UPDATE (Nov. 11, 2023 5:20 p.m. ET): On Saturday, House Republicans unveiled their plan to avert a government shutdown. The untested two-step continuing resolution will face a tough road in the House, let alone the Senate.
The good news: House Speaker Mike Johnson, R-La., doesn’t want the government to shut down when the current short-term funding bill expires in one week. The bad news: He has no idea how he’s going to make that happen. And while Johnson may not have the same bull’s-eye on his back as his predecessor, Rep. Kevin McCarthy, R-Calif., he also doesn’t seem to be any closer to uniting the extremely fractured GOP caucus.
That theory falls apart, though, when you look at how much Republicans have struggled to write bills that at least 216 of them support.
The most obvious solution is for the House and the Democratic-controlled Senate to finish the appropriations process in a bipartisan manner, honoring the spending deal McCarthy struck with President Joe Biden this year, and reset the clock to next October. And the most obvious roadblock is that Johnson is handcuffed to the exact same strategy as McCarthy: rely only on Republican votes to pass spending bills and figure out later how those bills will actually make it through the Senate and avoid a presidential veto. In theory, this strategy shows solidarity among the House GOP, making it more likely that the final result looks like something at least a majority of the caucus can support.
That theory falls apart, though, when you look at how much Republicans have struggled to write bills that at least 216 of them support. Case in point: A bill to fund the Transportation Department and the Department of Housing and Urban Development got pulled from the floor Tuesday for lack of support. Another funding bill, this time for financial services and general government spending, got yanked ahead of a scheduled vote Thursday thanks to anti-abortion language that conservatives demanded and moderates balked at after this week’s drubbing on the issue in places like Ohio.
House Appropriations Committee Chair Tom Cole, R-Okla., who oversees that Transportation-HUD bill, succinctly summed up the GOP’s plight in marshaling votes, telling Politico he “has ‘eight to 10’ people upset about Amtrak cuts and the same amount who want to see Amtrak eliminated altogether. And he needs both to vote for the bill.”
Math like that for multiple bills means avoiding a shutdown — currently scheduled to begin at 12:01 a.m. Nov. 18 — will require another short-term bill to pass. McCarthy got the last one through by offering a clean continuing resolution, keeping spending levels constant and relying on House Democrats to get it over the line. But that move cost him his job as the far right revolted, and many of those same members seem equally disinclined to tolerate Johnson’s following suit.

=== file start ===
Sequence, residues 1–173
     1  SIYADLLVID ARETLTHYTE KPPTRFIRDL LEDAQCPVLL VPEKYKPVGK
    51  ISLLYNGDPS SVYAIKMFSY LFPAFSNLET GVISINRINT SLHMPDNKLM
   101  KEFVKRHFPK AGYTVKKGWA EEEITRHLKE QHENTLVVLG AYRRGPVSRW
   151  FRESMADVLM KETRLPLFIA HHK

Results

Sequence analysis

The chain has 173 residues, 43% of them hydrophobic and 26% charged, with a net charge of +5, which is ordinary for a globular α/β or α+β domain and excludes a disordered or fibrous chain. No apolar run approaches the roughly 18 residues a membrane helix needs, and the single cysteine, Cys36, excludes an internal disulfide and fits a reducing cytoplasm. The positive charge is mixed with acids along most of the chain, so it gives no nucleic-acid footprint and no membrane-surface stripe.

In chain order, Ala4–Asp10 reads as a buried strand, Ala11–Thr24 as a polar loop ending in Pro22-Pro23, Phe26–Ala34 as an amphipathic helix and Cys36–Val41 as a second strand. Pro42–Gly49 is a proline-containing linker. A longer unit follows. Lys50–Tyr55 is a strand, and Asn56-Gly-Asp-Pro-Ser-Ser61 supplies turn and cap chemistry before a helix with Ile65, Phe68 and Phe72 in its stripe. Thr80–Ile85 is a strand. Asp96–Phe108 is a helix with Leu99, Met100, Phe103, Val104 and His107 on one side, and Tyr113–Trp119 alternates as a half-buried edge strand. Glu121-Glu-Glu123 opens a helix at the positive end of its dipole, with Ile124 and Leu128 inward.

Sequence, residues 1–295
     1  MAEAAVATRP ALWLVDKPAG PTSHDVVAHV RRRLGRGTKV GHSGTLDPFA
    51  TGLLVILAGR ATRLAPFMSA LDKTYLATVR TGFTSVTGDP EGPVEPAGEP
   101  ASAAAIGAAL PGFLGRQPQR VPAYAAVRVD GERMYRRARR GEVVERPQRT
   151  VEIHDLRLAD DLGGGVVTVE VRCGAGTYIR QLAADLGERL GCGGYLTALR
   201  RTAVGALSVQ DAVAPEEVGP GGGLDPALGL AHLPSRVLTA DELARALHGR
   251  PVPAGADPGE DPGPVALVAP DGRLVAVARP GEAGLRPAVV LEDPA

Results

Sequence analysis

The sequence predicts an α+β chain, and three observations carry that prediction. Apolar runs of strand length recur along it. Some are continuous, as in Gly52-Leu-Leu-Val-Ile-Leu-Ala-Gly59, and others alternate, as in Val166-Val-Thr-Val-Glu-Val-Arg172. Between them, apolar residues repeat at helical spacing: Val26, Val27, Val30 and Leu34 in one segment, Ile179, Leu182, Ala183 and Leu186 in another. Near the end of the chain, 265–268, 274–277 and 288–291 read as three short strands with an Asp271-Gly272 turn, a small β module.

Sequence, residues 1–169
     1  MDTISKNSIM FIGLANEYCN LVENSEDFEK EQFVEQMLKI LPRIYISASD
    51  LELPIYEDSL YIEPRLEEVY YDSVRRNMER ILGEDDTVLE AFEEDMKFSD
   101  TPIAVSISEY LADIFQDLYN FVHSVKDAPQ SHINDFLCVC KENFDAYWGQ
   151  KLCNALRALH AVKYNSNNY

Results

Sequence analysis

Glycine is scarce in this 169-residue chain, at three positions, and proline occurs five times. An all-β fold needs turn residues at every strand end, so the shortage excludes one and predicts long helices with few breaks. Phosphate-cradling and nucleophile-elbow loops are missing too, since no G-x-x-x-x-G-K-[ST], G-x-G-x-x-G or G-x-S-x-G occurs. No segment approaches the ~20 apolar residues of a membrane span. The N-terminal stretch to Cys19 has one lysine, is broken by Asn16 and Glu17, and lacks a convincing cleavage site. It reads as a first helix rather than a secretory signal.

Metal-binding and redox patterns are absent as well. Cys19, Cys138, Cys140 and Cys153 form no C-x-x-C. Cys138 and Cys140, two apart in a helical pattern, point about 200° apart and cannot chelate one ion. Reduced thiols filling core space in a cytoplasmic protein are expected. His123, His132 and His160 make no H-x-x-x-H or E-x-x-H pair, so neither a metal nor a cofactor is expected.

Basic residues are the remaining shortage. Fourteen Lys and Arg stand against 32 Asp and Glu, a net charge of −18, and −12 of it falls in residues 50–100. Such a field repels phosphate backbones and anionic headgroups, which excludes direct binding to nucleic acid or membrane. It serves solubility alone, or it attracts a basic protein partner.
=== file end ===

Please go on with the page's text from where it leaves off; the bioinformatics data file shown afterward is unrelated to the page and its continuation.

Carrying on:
The problem is that there are no real alternatives that sound like they’ve got the support of the full caucus. Johnson laid out three options to his members in a private caucus meeting Tuesday, according to NBC News’ Scott Wong. Those included a stopgap bill that would come with “certain stipulations,” as Axios put it, which most likely means conservative policy changes that would make the bill a nonstarter for House and Senate Democrats. The other options were passing a “staggered” or “laddered” approach to the continuing resolution, which would fund parts of the government until mid-December and parts until mid-January, or ultimately accepting whatever the Senate sends over.
Outside of the Freedom Caucus, there’s little appetite for that kind of mishigas, especially on the other side of the Capitol.
Of those, the staggered CR has gotten the most support from the far-right Freedom Caucus. It’s also notably not something that’s been done before in quite the way being pitched. While there have been previous shutdowns in which only some parts of the government ran out of money, those were viewed as unfortunate consequences of broader spending negotiations. The plan under discussion makes that sort of disjointed stop-and-start momentum the desired outcome. Instead of one looming crisis to deal with over the next several months, Congress would spend that time in perpetual chaos as one deadline or another crept up.
Outside of the Freedom Caucus, there’s little appetite for that kind of mishigas, especially on the other side of the Capitol. “Having never heard of it before, I don’t think it’s a good idea,” Sen. Shelley Moore Capito, R-W.Va., told The Washington Post, saying it sounded “confusing and difficult to manage.” Sen. Susan Collins of Maine, the top Republican on the Appropriations Committee, told Punchbowl News that she had “a lot of reservations.” Committee chair Patty Murray, D-Wash., was much blunter: “That’s the craziest, stupidest thing I’ve ever heard of.”
The current scuttlebutt from Punchbowl is that Johnson’s team plans to put some kind of short-term bill on the floor Tuesday. That means it’ll need to be made public by Saturday at the latest to comply with Johnson’s pledge to honor the “72-hour rule” — allowing members three days to read a bill. It also would leave only three further days to come up with a backup plan should option A go down in flames.
But according to NBC News, Johnson has sent mixed signals about exactly what that bill will look like. GOP moderates think he’ll put forward something that will sail through the Democratic-controlled Senate, while conservatives think he favors the staggered approach. Without any bill to read, it’s hard to say what the odds of either version’s passing are. But given the discord that Johnson has yet to tamp down, I’d say the totally real plan that he’s been busy coming up with looks pretty flammable to me.